Nine killed in blasts at Jakarta luxury hotels


Jakarta : Two powerful explosions ripped through the JW Marriott and Ritz-Carlton hotels Friday morning in the Indonesian capital, killing at least nine people and injuring dozens of others, police and the security minister said.

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Six bodies were found in Jakarta’s Marriott Hotel, two in the nearby Ritz-Carlton and another victim died in hospital after the blasts, which took place during the hotels’ busy breakfast time, chief security minister Widodo Adisucipto said.

Four foreigners were killed, including the president of the local unit of Swiss cement maker Holcim Ltd, Timothy Mackay, a New Zealander, media reports said.

President Susilo Bambang Yudhoyono condemned the bombings, vowing to hunt and capture the perpetrators and bring them to justice.

“This action was carried out by a terrorist group,” Yudhoyono told a press conference. “Those who carried out this attack and those who planned it will be arrested and tried according to the law.”

Leading Indonesian lawmaker Theo Sambuaga said the attacks were “suicide bombings” while international terrorism experts pointed a finger at Jemaah Islamiyah, a regional terrorist group affiliated with the Al Qaeda network and blamed for numerous other bombings in Indonesia.

A bomb-disposal squad found and defused an unexploded bomb in a room of the Marriott, while rescue workers removed a head and body parts, including legs, from the Marriott restaurant.

More than 40 people were injured in the blasts and were taken to nearby hospitals, Widodo said.

Television footage showed severely injured victims, including foreigners, being taken out of the Marriott hotel.

Smoke was rising from the hotels, and glass from broken windows and other debris were scattered on the ground.

Jakarta police spokesman Chrysnanda, who like many Indonesians uses only one name, confirmed that the blasts came from “high-explosive bombs”.

“An investigation is under way by bomb experts,” he said.

The first explosion hit the Ritz-Carlton, destroying its facade, and the second blast hit a restaurant in the nearby Marriott a few minutes later.

Lesley and Paul Harbon, Australian guests at the Marriott, said there was no taking the explosion at the hotel for anything other than a bomb.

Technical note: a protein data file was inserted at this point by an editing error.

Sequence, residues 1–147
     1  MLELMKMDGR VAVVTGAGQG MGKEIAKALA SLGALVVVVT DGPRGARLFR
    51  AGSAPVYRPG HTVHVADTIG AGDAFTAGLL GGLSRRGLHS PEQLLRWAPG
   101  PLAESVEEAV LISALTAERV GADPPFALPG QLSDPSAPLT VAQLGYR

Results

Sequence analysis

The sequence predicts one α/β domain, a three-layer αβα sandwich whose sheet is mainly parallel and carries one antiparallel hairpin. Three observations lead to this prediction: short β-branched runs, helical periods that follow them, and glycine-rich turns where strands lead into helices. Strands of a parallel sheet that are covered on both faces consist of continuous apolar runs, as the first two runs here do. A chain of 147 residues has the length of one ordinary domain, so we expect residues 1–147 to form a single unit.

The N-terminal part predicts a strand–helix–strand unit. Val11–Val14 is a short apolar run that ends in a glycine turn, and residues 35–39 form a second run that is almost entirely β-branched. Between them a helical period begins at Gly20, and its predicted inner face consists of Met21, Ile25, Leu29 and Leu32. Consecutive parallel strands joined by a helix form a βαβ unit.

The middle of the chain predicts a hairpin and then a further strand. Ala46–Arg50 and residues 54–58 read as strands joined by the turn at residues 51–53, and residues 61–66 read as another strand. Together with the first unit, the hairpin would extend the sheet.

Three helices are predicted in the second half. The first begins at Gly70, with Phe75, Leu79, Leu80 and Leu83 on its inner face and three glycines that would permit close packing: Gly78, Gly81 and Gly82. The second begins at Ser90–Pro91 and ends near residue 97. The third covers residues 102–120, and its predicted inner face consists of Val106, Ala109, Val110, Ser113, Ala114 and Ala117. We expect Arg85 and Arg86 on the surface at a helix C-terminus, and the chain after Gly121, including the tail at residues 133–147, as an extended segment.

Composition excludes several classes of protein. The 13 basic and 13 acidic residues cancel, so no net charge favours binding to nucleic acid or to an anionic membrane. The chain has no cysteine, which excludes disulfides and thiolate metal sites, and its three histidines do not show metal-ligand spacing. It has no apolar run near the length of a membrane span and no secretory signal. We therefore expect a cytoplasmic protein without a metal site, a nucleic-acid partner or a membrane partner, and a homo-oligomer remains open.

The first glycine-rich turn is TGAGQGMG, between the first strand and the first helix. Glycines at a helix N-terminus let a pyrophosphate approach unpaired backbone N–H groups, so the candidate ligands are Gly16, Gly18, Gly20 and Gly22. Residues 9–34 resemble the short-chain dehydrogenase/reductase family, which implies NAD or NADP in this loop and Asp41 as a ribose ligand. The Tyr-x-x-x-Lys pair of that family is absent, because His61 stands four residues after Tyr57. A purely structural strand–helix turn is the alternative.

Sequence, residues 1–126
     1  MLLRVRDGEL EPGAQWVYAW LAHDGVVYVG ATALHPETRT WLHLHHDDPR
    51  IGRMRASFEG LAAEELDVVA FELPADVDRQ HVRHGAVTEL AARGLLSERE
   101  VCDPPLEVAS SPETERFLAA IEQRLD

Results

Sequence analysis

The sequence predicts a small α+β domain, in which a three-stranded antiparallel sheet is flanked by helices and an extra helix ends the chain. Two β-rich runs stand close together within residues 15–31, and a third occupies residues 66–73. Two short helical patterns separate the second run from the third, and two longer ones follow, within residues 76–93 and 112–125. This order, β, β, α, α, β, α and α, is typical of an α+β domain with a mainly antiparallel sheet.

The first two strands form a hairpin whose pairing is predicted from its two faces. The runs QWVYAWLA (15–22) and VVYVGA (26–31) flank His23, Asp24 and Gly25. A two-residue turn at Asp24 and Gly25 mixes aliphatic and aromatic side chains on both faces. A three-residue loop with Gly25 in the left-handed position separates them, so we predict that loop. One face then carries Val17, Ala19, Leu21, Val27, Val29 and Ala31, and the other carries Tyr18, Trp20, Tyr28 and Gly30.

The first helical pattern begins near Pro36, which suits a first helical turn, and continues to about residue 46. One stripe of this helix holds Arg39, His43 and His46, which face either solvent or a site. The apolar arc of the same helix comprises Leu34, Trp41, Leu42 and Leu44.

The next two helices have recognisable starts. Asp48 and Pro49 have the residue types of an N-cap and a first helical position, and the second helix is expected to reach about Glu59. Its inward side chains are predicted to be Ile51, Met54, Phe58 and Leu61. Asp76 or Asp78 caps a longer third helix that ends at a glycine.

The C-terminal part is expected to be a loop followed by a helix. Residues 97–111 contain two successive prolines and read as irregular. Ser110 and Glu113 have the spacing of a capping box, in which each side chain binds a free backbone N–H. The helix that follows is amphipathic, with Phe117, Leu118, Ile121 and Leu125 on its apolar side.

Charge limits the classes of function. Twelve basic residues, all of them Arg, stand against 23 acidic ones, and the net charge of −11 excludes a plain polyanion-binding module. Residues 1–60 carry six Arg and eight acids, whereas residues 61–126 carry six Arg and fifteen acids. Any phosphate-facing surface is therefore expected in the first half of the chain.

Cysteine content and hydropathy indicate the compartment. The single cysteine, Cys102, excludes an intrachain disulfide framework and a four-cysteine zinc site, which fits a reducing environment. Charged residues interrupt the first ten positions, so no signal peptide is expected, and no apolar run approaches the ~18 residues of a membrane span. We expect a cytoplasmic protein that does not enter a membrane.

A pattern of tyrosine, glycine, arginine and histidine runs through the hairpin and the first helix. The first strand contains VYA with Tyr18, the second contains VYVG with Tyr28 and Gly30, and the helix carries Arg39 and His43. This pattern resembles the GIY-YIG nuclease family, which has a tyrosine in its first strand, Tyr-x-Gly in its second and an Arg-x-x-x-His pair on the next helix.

“It doesn’t sound like anything else you’ve ever heard,” Lesley Harbon said in a telephone interview from the couple’s new Jakarta hotel. “You couldn’t mistake it.”

Paul Harbon, who was eating breakfast downstairs at the time, had an easier time evacuating than his wife, who was in the couple’s room.

“I ended up in the bottom of the building,” she said. “There was floodwater everywhere, and there were no lights. I just screamed and screamed until someone came to get me out.”

The hotels, connected by an underground tunnel and located in a business and diplomatic district, were popular with foreigners as a venue for business meetings because they were thought to be well-protected. The Harbons said they had been impressed with the security when they checked in Thursday night.

The blast was the second bombing on the Jakarta Marriott. In August 2003, a militant drove a bomb-laden truck into the lobby of the hotel and set it off, killing 12 people and injuring 150.

“The only group that has the ability to carry out such attacks is Jemaah Islamiyah,” terrorism expert Rohan Gunaratna told Channel News Asia.

Until Friday, Indonesia had not had a major bombing since October 2005 when militants belonging to Jemaah Islamiyah blew themselves up at three restaurants in Bali, killing 20 people.

Jamaah Islamiyah, also known as JI, is also blamed for the October 2002 Bali bombings, which killed 202 people, mostly foreign holidaymakers.

Analysts have said that the group’s violent faction has been severely weakened after the arrests of scores of operatives in recent years but determined militants were still capable of mounting a deadly attack.

“The signs were there over the last few months that this hard-line group within JI was disaffected with the lack of a bombing campaign over the last couple of years and was clearly intent on doing something,” said defence analyst Carl Ungerer, director of the Canberra-based Australian Strategic Policy Institute.

The hotel bombings came a little more than a week after the July 9 presidential election, in which Yudhoyono appeared set to win a second five-year term although the final results have yet to be officially confirmed.

Yudhoyono has been credited with restoring security after a spate of deadly attacks blamed on Jemaah Islamiyah since the start of the decade.

English Premier League champions Manchester United cancelled their plans for friendly match with an Indonesian All Star, scheduled for Monday. The Manchester United players were due to stay at the Ritz-Carlton.